As an athlete, human, or canine, it's important to continuously improve your fitness and performance. One of the best ways to achieve this is by progressively overloading your workouts, which involves gradually increasing the intensity or difficulty of your exercises over time. However, to avoid hitting a plateau or risking injury, it's crucial to periodically regress the exercises as well.
Regressing exercises means going back to a simpler or easier version of an exercise your dog may have already mastered. This could include reducing the resistance in strength training, decreasing the range of motion, or simplifying the movement pattern. There are several benefits to regressing exercises, even for experienced canine athletes.
Firstly, regressing exercises can help your dog to perfect its form and technique. By going back to the basics, you can focus on proper alignment, control, and activation of the correct muscle groups. It allows you to target specific muscles in a more controlled manner. This will not only improve your dog’s performance in the long run but also reduce the risk of injury.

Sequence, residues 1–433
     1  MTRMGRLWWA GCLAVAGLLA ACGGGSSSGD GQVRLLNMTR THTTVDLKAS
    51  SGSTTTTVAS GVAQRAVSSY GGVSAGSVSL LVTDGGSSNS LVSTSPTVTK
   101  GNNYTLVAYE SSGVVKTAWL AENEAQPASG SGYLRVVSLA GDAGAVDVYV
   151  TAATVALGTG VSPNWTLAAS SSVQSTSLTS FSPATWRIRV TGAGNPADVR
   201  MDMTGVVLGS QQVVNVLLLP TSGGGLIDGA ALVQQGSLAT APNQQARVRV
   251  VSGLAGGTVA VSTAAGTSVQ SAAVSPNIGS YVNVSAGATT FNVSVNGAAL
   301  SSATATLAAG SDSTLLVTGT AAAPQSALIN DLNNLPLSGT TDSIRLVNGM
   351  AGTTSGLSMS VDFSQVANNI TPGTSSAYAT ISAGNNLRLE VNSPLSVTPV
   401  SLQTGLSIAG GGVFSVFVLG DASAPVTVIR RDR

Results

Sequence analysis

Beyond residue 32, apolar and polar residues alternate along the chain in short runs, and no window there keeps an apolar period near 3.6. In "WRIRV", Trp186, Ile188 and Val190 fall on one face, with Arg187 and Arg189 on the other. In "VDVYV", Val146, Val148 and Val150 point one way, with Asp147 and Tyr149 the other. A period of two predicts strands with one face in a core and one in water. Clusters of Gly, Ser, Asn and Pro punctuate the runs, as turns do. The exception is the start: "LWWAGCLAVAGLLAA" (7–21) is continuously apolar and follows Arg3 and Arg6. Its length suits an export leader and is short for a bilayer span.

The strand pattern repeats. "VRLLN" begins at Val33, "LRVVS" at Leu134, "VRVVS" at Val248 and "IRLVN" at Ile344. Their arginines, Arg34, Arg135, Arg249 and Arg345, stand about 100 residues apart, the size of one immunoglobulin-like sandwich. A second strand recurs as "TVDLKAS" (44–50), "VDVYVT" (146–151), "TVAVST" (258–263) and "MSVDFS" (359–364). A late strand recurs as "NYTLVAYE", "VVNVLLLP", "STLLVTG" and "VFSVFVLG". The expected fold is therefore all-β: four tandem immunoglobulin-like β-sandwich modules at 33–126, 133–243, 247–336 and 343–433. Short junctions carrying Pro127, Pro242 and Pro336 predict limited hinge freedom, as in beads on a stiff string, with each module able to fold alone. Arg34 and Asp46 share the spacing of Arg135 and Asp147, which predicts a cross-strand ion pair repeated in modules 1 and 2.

Secondly, regressing exercises can help to correct imbalances and weaknesses in your dog’s body. It's common for athletes to develop strength or flexibility imbalances due to the specific demands of their sport or training program. Regression identifies and addresses these imbalances, strengthens any weaknesses, and corrects areas of limited or reduced flexibility, thus reducing the risk of injury.
Thirdly, regressing exercises can help your dog to break through plateaus and progress to more advanced exercises. Sometimes, despite your best efforts, you may find that your dog is not improving or making progress as quickly as you'd like. By going back to simpler exercises and focusing on form and technique, you can build a stronger foundation and prepare your dog’s body for more advanced movements.
Finally, regressing exercises can help you and your dog to avoid burnout and stay motivated. If you're constantly pushing your dog to the limit with high-intensity workouts, you may eventually hit a wall. Your dog may lose motivation. You may even enter a state of overtraining with your dog. By periodically regressing the exercises and focusing on technique and form, you can give your canine athlete’s body and mind a break while still making progress toward your performance goals.
Regressing exercises is a crucial part of any athlete's training program. It can help to perfect their form, correct imbalances, break through plateaus and avoid burnout. By periodically regressing exercises, you can ultimately progress to more advanced and harder exercises while minimizing the risk of injury and maximizing performance. So, next time you hit a roadblock in your dog’s fitness training, consider regression and see how it can benefit you in the long run.